VICTORIAN public health services have been advised to address potential weaknesses in their hospital patients' data security.
It comes after the Victorian Auditor-General's Office found the state's public health system "highly vulnerable" to cyberattacks similar to those seen in England, Singapore, and at a Melbourne-based cardiology provider.
Fourteen recommendations arose from VAGO's audit, targeted at both the Department of Health and Human Services and Victorian public health services.
They included compulsory data security training for all staff at public health services.
Bendigo Health said it would review the report's recommendations.
"We currently meet all DHHS compliance requirements and have a cybersecurity manager," a spokesperson said.
"Bendigo Health takes the protection of our patients' data very seriously."
VAGO audited three health services: Barwon Health, the Royal Children's Hospital and the Royal Victorian Eye and Ear Hospital.
All of the audited health services were found to be vulnerable to cyberattacks.
The digital health and health technology solutions areas of the Department of Health and Human Services were also scrutinized.
VAGO said the DHHS digital health branch had filled an important gap in the sector by developing cybersecurity standards and acting as the central point for advice and support.
"While digital health has developed a clear roadmap to improve security across the sector, health services have not fully implemented the security measures necessary to protect patient data," it found.
The health technology solutions area of DHHS was among those that had not fully implemented the cyber security controls.
VAGO said HTS shared many of the same security weaknesses as health services.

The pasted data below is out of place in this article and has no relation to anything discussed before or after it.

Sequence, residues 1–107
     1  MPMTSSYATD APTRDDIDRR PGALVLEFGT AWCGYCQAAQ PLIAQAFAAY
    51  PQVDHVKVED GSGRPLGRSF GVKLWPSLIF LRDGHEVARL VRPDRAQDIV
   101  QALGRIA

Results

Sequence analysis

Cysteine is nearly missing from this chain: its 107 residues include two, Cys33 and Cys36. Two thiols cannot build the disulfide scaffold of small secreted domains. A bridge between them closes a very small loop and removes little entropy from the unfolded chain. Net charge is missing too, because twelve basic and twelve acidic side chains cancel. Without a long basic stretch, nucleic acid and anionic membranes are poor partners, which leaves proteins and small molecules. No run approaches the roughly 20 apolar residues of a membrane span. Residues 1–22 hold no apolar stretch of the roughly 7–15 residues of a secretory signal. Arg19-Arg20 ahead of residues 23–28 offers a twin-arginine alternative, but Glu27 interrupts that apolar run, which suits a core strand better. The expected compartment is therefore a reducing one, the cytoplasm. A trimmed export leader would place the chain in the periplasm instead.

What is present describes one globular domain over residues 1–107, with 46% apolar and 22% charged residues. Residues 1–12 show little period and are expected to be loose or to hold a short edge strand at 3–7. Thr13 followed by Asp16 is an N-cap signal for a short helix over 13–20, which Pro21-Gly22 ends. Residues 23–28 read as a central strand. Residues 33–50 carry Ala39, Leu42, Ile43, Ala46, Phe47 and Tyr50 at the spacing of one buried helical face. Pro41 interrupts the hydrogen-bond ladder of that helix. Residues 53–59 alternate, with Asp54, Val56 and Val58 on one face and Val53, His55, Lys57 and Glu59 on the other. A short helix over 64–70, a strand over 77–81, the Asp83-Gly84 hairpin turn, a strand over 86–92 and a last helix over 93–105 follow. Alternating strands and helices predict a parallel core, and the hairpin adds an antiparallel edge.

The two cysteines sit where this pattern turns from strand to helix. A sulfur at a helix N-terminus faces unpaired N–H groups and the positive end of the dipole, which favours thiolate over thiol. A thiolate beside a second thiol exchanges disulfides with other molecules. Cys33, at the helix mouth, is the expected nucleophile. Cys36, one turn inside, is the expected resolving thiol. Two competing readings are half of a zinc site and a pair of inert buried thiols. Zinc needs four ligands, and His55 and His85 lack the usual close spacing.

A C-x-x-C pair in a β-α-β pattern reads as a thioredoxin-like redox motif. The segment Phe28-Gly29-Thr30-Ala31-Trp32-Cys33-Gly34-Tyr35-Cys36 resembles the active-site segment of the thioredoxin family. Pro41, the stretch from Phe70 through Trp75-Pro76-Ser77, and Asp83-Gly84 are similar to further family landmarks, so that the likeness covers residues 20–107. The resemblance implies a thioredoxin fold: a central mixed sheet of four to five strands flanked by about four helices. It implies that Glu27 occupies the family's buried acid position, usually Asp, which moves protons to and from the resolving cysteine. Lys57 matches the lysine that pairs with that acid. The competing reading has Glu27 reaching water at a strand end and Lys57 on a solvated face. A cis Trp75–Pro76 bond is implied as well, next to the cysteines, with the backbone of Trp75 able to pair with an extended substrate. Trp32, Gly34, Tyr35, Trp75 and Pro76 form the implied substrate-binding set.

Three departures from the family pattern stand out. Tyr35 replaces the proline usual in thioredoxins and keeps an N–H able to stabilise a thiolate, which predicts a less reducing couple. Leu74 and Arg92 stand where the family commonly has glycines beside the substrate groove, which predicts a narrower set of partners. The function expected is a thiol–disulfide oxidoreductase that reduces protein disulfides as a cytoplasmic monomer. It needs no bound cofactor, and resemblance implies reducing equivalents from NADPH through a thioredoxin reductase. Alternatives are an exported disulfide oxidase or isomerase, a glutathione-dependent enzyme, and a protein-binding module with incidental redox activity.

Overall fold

"This is a risk to the sector because HTS hosts the clinical and patient administration applications used by 52 of the 85 Victorian health services," the report said.
There have been no breaches of patient data to date, despite some incidents in Victoria's public health sector in the past 12 months.
The department has accepted all VAGO's recommendations.
A spokesperson said DHHS would undertake further work to implement cybersecurity controls across the health sector.
"Safeguarding patient and clinical data is a top priority for the government," they said.
"Over four years, approximately $46 million in new money is allowing health services to upgrade computers and other vital equipment to strengthen reliability and cybersecurity."
The spokesperson said the investment program helped health services improve the information technology infrastructure underpinning areas such as patient bookings, medicines, diagnostics and patient care.
"The department's health service cyber security program is introducing systems to detect and block attempts to hack into health services," they said.
All but two of the 14 recommendations were understood to have been in progress either before the audit or since it started.
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